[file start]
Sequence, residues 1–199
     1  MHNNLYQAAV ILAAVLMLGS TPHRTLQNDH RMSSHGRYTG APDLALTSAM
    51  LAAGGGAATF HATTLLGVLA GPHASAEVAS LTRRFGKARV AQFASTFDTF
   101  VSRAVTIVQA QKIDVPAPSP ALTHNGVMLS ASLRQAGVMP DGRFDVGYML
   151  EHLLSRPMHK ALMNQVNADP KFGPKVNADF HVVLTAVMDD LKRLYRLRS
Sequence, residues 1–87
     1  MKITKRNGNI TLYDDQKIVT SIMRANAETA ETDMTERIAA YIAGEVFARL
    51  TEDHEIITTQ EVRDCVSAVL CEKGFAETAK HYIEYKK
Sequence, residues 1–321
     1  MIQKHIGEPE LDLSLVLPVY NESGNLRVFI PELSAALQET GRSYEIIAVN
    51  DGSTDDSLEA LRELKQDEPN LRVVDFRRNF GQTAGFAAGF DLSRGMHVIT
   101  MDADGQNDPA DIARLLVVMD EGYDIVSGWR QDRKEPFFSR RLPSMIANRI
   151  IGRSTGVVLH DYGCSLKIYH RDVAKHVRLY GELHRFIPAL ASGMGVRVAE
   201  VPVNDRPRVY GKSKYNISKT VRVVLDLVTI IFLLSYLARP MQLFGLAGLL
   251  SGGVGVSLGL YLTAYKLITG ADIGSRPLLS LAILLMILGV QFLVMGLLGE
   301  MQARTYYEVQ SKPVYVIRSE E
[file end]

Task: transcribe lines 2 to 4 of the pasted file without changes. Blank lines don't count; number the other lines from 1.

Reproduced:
     1  MHNNLYQAAV ILAAVLMLGS TPHRTLQNDH RMSSHGRYTG APDLALTSAM
    51  LAAGGGAATF HATTLLGVLA GPHASAEVAS LTRRFGKARV AQFASTFDTF
   101  VSRAVTIVQA QKIDVPAPSP ALTHNGVMLS ASLRQAGVMP DGRFDVGYML